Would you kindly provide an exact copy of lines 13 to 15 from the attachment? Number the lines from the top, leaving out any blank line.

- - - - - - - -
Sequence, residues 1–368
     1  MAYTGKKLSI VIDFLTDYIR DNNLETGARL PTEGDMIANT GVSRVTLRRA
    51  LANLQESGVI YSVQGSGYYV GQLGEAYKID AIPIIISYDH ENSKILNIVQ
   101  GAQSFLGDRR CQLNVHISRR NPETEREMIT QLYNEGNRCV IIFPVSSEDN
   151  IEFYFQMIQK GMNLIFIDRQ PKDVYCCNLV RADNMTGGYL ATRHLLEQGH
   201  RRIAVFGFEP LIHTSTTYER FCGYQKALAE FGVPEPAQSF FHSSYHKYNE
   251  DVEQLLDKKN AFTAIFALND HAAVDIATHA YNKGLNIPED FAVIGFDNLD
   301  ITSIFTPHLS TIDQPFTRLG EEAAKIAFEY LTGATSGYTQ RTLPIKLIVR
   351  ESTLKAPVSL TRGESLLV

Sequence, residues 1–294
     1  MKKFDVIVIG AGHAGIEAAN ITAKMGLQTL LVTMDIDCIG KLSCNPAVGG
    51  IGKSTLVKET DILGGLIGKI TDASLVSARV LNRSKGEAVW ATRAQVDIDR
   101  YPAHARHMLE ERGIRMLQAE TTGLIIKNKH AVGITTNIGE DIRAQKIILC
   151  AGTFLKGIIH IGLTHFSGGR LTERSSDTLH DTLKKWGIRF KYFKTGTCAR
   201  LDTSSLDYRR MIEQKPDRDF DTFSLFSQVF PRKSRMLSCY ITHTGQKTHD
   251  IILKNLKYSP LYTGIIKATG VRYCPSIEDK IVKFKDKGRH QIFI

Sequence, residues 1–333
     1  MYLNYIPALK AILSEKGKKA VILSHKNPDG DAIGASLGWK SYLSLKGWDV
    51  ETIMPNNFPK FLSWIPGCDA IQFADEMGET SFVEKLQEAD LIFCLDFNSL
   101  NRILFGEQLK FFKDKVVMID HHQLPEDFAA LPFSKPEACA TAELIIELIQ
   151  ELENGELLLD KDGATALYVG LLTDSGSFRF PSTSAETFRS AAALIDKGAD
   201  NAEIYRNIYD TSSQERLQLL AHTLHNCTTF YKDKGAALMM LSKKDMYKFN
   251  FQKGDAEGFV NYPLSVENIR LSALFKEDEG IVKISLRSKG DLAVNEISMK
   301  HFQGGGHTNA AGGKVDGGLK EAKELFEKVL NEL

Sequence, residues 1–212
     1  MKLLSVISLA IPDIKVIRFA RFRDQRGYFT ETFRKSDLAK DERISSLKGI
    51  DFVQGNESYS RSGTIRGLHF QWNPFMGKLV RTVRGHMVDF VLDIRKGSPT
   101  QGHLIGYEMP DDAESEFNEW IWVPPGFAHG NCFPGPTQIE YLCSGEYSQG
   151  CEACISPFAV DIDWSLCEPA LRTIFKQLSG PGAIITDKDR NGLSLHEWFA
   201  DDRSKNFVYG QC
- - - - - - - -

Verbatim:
   101  YPAHARHMLE ERGIRMLQAE TTGLIIKNKH AVGITTNIGE DIRAQKIILC
   151  AGTFLKGIIH IGLTHFSGGR LTERSSDTLH DTLKKWGIRF KYFKTGTCAR
   201  LDTSSLDYRR MIEQKPDRDF DTFSLFSQVF PRKSRMLSCY ITHTGQKTHD